The May 1982 issue of Best Sellers has a page 47 review of Richard Grayson's Lincoln's Doctor's Dog:
Lincoln's Doctor's Dog & Other Stories
White Ewe Press (PO Box 996, Adelphi, Md. 20783),
Despite my initial reservations regarding this volume when it reached me, I must confess I like Richard Grayson and his work. Yes, we are told that Grayson labored as a messenger at the Village Voice, a clerk at the Brooklyn Public Library, a delivery man for the Midtown Florist and the Canarsie Laundry; but Richard Grayson is a writer, currently transplanted to Broward Community College in Florida, but still a writer whose With Hitler in New York caused Rolling Stone to map it as the place "where avant-garde fiction goes when it turns into stand-up comedy."
These twenty-two fictions display a versatility which commands attention. And they are very much in the American grain -- that vein of autobiography which has been a constant from the beginning of our literary history down to the confessional mode of the recent mode of the recent past. The title tale, which is certainly captivating, pretends to be the biography of Lincoln's doctor's puppy who grows up to be elected to a state governorship and achieves fame as a lecturer. Grayson can parody human excess and human frailty, parent-child relationships, and recreate a 1960s scene with poignancy. There is even a dazzling memoir of George Washington's step-granddaughter. And in "Diarrhea of a Writer," Grayson exposes that pride and pain which are the nutrients of a writer's growth. The questions he wanted to ask Saul Bellow: "Did you ever doubt yourself? How do you know when you've written something important? Did you ever want to give up?" -- these all fade when the Nobel Laureate tells Grayson, "I'll look for you."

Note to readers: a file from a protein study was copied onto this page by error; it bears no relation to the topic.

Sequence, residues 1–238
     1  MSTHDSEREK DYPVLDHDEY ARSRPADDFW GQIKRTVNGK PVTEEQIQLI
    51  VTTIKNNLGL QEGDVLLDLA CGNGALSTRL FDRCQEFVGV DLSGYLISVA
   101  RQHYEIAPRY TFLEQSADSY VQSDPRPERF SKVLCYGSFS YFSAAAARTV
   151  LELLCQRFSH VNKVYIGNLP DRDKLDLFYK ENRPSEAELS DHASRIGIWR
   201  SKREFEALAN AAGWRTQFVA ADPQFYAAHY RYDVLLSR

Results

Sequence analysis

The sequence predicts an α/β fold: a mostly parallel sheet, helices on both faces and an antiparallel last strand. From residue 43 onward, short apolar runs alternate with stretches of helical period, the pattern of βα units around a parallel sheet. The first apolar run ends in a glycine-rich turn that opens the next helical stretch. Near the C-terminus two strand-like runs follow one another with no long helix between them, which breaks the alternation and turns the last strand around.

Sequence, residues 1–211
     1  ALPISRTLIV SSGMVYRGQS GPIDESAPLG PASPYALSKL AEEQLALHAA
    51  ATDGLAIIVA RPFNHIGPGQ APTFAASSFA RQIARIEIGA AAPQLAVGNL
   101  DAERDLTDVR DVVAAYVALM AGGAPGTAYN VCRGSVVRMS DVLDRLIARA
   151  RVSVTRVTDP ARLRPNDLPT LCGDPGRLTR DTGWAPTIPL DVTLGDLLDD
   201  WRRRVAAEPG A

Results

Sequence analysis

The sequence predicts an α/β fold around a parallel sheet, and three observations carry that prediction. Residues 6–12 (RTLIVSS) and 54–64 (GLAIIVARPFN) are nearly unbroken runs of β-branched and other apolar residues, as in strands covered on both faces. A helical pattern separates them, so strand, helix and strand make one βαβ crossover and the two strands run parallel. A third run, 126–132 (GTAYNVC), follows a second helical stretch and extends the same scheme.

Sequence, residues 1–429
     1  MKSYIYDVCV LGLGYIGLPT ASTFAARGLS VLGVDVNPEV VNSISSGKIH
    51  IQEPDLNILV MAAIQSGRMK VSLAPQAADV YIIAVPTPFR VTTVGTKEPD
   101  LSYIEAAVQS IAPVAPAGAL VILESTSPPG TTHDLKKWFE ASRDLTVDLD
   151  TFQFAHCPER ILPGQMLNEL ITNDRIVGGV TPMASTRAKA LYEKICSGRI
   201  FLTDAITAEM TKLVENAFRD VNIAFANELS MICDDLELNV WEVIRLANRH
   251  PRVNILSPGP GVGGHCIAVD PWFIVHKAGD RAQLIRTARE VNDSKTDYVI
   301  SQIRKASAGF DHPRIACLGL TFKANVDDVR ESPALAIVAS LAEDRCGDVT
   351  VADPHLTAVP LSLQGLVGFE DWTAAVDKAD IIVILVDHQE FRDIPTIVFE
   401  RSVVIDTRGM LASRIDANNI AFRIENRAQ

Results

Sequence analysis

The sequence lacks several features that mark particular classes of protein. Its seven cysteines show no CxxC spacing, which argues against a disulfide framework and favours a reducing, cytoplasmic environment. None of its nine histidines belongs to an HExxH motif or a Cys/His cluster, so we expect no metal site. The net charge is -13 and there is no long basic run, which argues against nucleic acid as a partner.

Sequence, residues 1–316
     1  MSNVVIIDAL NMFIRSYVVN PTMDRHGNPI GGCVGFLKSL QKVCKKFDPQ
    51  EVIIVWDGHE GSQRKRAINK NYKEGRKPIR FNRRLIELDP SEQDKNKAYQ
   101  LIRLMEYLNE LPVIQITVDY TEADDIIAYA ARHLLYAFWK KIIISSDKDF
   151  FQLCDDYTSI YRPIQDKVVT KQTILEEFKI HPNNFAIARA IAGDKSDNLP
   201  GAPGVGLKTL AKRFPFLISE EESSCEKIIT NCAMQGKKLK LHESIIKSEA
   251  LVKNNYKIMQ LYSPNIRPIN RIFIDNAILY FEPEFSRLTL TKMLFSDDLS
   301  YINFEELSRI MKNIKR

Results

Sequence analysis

Richard Grayson has been found, at least by this reader, and found-out, too. From the evidence he is serious and comic, charming, given to outrageous puns, and a sharp-eyed observer of and participant in life's absudities. Permit me one academic correction -- it is Edwin (not Edward) Arlington Robinson, as found on page 75.
NICHOLAS J. LOPRETE, JR., specializes in American fiction at Fordham University, Bronx, New York.